Meeting the support needs of people from minority ethnic groups
Research by a group from Birmingham University has shown the importance of understanding what is relevant to people with learning disabilities from minority and ethnic groups. The report’s authors were Michael Larkin, Gemma Unwin, Biza Stenfert Kroese and John Rose.
Study: Access to Social Care Learning Disabilities
This study identified aspects of services important to people with learning disabilities and developed resources including short films and sets of activities (Tools for Talking, www.ToolsforTalking.co.uk) to be used by service users and service providers.
Thirty two adults with learning disabilities from different minority ethnic groups in the West Midlands were interviewed about their understanding of ‘support’, their level of involvement with and experiences of services, their views of the support they needed, and the support they received, and the ways in which this met their goals and priorities. Interviews were sensitive to the cultural context of people’s relationship with services using a ‘Culturegram’, or talking tool, developed to help participants talk about the cultural aspects of their identities in their everyday lives.
Research in the UK indicates that people with learning disabilities from minority ethnic groups do not access the support services they are entitled to and tend to be less satisfied with services. Past research with families (particularly South Asian British families) shows families can be frustrated and angered by the experience of having to ‘fight’ to access services, and that many are disappointed by some of the services they receive. Few studies have collected data from adults with learning disabilities themselves. This does not, however, negate the importance of providing better support to families (Roy et al., 2010).
Many social care services are not only acceptable but are also greatly appreciated. Service users were mainly content with services but did not make this appraisal in the context of having to ‘fight’ for them (as their families might have done). Instead, they were very grateful for what they received and, for the most part, were keen not to be overly critical of services. Some had lost support, due to cuts to services, and this could be distressing.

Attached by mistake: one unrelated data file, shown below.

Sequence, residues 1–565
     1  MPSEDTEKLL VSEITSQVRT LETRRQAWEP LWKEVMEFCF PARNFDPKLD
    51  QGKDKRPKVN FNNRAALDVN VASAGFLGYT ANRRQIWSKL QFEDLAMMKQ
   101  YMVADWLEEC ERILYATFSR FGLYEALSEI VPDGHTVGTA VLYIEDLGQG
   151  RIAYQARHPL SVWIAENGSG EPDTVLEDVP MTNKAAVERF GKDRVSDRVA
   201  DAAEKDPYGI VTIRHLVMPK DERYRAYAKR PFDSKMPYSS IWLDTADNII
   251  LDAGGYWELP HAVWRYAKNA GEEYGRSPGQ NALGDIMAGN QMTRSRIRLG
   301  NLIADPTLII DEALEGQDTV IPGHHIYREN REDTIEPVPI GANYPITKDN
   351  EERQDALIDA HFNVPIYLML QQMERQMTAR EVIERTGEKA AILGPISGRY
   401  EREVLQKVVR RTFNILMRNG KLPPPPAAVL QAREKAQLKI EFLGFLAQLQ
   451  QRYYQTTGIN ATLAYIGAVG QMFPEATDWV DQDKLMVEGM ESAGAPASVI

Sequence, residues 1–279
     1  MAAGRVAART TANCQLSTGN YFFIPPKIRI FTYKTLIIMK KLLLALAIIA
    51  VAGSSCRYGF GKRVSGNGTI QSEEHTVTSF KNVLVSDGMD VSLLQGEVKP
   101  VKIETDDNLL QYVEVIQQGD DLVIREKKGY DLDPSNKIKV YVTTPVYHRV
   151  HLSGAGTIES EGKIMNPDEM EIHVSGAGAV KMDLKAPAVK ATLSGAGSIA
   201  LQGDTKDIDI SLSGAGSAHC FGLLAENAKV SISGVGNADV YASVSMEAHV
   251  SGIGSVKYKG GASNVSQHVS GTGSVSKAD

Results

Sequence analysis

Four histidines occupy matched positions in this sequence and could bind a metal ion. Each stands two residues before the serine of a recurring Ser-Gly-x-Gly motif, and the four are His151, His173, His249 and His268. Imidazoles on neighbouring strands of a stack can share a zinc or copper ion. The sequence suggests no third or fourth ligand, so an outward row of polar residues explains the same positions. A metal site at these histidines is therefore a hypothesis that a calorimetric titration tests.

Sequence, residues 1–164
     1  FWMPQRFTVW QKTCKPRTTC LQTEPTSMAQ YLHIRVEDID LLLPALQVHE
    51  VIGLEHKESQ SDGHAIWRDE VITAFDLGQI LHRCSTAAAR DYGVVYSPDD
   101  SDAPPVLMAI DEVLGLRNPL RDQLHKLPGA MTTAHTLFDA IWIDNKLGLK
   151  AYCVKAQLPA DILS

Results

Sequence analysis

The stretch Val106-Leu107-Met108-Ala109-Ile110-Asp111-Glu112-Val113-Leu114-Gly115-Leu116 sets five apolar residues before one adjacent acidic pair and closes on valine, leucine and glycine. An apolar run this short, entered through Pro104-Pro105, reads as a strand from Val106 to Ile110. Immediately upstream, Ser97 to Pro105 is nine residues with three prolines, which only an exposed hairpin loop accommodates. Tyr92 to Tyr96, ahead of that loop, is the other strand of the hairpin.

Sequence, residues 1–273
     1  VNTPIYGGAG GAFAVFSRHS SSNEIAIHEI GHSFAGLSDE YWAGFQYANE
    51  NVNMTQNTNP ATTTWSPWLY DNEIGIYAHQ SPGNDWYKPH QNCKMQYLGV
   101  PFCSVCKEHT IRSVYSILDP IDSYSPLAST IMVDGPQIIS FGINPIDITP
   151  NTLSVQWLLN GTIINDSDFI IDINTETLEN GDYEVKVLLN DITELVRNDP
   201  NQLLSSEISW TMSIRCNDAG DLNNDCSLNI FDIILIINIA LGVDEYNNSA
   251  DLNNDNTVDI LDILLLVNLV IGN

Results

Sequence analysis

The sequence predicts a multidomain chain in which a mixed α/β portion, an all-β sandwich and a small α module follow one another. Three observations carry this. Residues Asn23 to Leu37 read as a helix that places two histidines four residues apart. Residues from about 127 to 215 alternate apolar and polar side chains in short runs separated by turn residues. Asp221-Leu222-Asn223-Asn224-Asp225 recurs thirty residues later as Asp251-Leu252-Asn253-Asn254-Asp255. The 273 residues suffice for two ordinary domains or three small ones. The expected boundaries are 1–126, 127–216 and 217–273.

Relationships with paid carers and support workers can be a very important and meaningful part of a person’s interpersonal life. When asked about services, participants talked about their relationship to their support workers, most describing positive connections with their current support workers. Some also expressed distress at changes in their continuity of care, due to service cuts. When they did talk about organisations this was in relation to previous support.
Good support means having a good relationship with the support workers. The competence and reliability of the worker were the key components of a ‘good service’. Continuity of care was important because it is about the maintenance of positive relationships as well as access to activities.
‘Independence’ means different things to different people (in different contexts). For some, independence was a long-term goal and there was a clear pathway to it. Independence could mean ‘living independently’ with little or no support from services, or it could be more abstract, such as ‘being able to do what you want, when you want.’ For others it was a process representing an aspect of personal development. Increased independence was to be achieved through learning specific skills, such as travelling without support, budgeting or managing the home. Services were perceived as playing a key role in this.